Judy read the side effects of the drug online, read about lupus, plunged into major stress, and started sleeping poorly and losing weight. Everything in her life seemed to be crashing around her and all she could think about was whether or not she had some fatal illness that the doctors couldn’t diagnose or weren’t telling her about.
The stress of Judy’s encounter with the health care system had produced symptoms of post traumatic stress disorder (PTSD). And it’s not uncommon. Believe me, this health tip is based on actual patients and their experiences.
Helping Judy get her life back on track was straightforward. Once we’d gone over all the lab tests again (it’s not uncommon for patients to drag a wheeled suitcase filled with lab reports into the exam room) and reconfirmed that everything was negative, we tried to convey these facts:
• Messages from your body Most symptoms, especially longstanding ones that don’t change much, are not signs of disease. They’re the result of you being aware of minor, temporary glitches or dysfunctions in your body that actually are trying to communicate a message to you. In other words, most headaches aren’t brain tumors–they’re tense muscles in your neck. Diarrhea/constipation/bloating usually comes from stress. And so forth. Doctors call these “functional symptoms.” I call them messages from your body asking for change.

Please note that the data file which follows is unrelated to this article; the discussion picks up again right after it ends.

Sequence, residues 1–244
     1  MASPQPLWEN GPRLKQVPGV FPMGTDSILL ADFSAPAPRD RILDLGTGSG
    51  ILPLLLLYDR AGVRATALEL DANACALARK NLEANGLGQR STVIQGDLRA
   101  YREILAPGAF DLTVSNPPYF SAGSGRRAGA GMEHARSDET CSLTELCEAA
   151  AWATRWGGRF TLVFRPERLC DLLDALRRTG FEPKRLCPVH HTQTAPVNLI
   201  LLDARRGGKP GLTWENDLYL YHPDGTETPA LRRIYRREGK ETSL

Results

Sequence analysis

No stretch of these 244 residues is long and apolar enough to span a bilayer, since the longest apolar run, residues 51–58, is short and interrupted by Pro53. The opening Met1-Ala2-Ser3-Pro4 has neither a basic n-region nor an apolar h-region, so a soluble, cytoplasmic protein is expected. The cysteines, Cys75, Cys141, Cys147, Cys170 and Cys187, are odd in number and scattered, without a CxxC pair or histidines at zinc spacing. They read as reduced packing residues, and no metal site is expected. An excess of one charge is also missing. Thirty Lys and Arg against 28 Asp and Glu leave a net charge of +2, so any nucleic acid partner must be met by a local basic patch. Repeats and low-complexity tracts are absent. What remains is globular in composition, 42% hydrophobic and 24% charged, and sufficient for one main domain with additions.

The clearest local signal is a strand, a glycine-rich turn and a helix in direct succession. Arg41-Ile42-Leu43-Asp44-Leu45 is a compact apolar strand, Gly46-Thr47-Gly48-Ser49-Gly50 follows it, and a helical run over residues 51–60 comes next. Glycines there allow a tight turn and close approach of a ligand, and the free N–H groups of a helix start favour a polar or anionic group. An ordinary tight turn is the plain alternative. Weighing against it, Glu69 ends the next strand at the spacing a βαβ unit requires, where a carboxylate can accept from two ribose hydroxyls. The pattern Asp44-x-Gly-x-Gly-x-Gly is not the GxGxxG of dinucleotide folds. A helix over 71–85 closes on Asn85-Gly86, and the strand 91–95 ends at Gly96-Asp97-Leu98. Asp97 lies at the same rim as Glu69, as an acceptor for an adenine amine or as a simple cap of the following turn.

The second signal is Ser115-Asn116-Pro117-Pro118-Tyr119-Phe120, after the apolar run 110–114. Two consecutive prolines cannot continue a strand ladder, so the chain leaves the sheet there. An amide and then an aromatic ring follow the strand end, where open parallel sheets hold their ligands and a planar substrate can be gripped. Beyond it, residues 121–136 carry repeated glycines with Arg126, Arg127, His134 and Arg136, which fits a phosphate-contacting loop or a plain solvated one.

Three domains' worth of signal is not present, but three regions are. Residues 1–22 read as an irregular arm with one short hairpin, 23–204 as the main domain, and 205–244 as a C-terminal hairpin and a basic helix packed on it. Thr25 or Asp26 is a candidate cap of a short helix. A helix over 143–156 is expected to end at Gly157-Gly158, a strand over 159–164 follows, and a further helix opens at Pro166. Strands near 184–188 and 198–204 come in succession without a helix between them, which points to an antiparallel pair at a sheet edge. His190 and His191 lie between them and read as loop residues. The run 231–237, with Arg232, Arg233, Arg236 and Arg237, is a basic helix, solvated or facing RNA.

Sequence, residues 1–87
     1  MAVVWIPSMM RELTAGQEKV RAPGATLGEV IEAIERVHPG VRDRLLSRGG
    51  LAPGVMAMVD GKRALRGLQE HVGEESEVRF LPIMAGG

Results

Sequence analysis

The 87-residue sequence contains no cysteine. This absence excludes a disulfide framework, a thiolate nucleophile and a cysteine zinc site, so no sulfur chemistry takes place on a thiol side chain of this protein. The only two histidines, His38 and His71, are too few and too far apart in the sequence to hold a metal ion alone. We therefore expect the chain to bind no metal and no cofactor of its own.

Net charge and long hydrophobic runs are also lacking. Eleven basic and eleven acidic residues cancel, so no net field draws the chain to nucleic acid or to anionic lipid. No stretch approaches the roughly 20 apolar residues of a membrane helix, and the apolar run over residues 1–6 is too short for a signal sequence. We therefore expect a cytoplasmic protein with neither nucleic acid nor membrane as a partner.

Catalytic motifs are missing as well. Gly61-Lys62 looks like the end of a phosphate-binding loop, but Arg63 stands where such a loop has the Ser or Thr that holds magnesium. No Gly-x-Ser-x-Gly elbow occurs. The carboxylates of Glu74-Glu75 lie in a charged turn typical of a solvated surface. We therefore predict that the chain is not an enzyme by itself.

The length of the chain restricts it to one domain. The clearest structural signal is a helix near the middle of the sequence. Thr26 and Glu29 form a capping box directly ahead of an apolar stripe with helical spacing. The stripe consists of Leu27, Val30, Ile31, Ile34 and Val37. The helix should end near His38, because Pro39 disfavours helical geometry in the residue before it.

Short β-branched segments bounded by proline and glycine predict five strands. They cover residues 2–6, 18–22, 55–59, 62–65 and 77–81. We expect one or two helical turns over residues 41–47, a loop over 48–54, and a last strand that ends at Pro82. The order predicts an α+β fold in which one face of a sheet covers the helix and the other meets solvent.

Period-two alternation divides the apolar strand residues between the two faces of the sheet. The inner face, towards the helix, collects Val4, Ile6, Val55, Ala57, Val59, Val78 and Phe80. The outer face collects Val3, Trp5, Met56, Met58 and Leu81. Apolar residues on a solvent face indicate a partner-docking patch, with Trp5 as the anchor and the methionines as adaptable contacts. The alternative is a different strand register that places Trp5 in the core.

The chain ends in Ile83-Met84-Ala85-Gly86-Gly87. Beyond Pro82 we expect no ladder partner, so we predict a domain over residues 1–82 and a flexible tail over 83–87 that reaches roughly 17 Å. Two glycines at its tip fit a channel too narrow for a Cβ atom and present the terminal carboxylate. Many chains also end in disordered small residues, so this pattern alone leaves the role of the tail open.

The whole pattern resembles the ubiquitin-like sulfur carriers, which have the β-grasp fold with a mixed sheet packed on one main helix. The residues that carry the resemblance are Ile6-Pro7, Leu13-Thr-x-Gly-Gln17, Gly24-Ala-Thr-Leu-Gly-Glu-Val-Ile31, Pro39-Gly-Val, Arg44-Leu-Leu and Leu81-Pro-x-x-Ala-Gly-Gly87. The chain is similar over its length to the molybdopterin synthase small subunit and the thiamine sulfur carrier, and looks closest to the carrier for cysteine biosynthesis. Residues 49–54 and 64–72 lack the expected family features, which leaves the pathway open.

• Doctors are trained to look for disease rather than think much about functional symptoms. To ferret out disease, they order tests (parenthetically, the cash-cow of the health care system). Functional symptoms–because they aren’t disease–never give positive test results.
• If a doctor in one specialty can’t generate any positive test results, instead of telling you, like the villagers down the road from Dracula’s castle, “Get out of here before it’s too late!” she’ll generally check your list of symptoms outside her specialty and refer you to another specialist who has his own catalogue of tests and procedures waiting for you.